Infection with monkeypox virus begins with an incubation period. A person is not contagious during this period.

  • Incubation period averages 7−14 days but can range from 5−21 days.
  • A person does not have symptoms and may feel fine.

Monkeypox symptoms usually happen in two stages.

  • The first stage includes
  • fever, headache
  • , muscle aches
  • , swollen lymph nodes,
  • and exhaustion.
  • One to three days after the fever starts, a rash appears.

The second stage begins with the rash that starts on the face before spreading to other parts of the body.

  • The first lesions to develop are on the tongue and in the mouth.
  • Within 1-2 days a macular rash appears on the skin, starting on the face and spreading to the arms and legs and then to the hands and feet, including the palms and soles.
  • The rash typically spreads to all parts of the body within 24 hours becoming most concentrated on the face, arms, and legs (centrifugal distribution).
  • By the third day of rash, lesions have progressed from macular (flat) to papular (raised).
  • By the fourth to fifth day, lesions have become vesicular (raised and filled with clear fluid).
  • By the sixth to seventh day, lesions have become pustular (filled with opaque fluid) – sharply raised, usually round, and firm to the touch (deep seated).
  • Lesions will develop a depression in the center (umbilication).
  • The pustules will remain for approximately 5 to 7 days before beginning to crust.
  • By the end of the second week, pustules have crusted and scabbed over.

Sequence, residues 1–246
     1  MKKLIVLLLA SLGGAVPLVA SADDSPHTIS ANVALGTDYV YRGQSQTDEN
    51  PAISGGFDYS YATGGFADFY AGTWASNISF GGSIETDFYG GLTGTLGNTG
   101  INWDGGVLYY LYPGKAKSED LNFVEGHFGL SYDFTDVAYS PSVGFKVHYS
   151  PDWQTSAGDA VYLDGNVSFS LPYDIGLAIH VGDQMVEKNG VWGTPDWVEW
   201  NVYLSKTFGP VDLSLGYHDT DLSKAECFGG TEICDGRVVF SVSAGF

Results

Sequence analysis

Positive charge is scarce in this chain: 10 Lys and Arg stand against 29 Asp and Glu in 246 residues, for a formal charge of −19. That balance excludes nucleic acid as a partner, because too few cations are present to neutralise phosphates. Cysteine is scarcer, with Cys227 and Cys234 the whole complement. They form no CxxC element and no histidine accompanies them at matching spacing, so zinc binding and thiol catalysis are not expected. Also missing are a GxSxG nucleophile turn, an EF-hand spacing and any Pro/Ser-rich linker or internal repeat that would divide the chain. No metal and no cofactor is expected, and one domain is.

• Scabs will remain for about a week before beginning to fall off.
  • Pitted scars and/or areas of lighter or darker skin may remain after scabs have fallen off. Once all scabs have fallen off a person is no longer contagious.

Vaccination

Since monkeypox and smallpox are very similar the smallpox vaccine is considered effective to prevent monkeypox.

ACAM200 and JYNNEOSTM (also known as Imvamune or Imvanex) are the two currently licensed vaccines in the United States to prevent smallpox. JYNNEOS is also licensed specifically to prevent monkeypox. You are not considered fully vaccinated until you receive 2 doses of the vaccine.

Vaccination after exposure

CDC recommends that the vaccine be given within 4 days from the date of exposure in order to prevent onset of the disease. If given between 4–14 days after the date of exposure, vaccination may reduce the symptoms of disease, but may not prevent the disease. Persons exposed to monkeypox virus and who have not received the smallpox vaccine within the last 3 years, should consider getting vaccinated.

The sooner the person receives the vaccine, the more effective it will be in protecting against monkeypox virus.

In conclusion

At his point there seems to be no real threat to contracting monkeypox unless you have been directly exposed to someone who has a confirmed case, or you have traveled to an at-risk nation/region. There are vaccinations with an 85% success rate available, and the US has enough supply of vaccines for now. Always consult your primary health practitioner for guidance.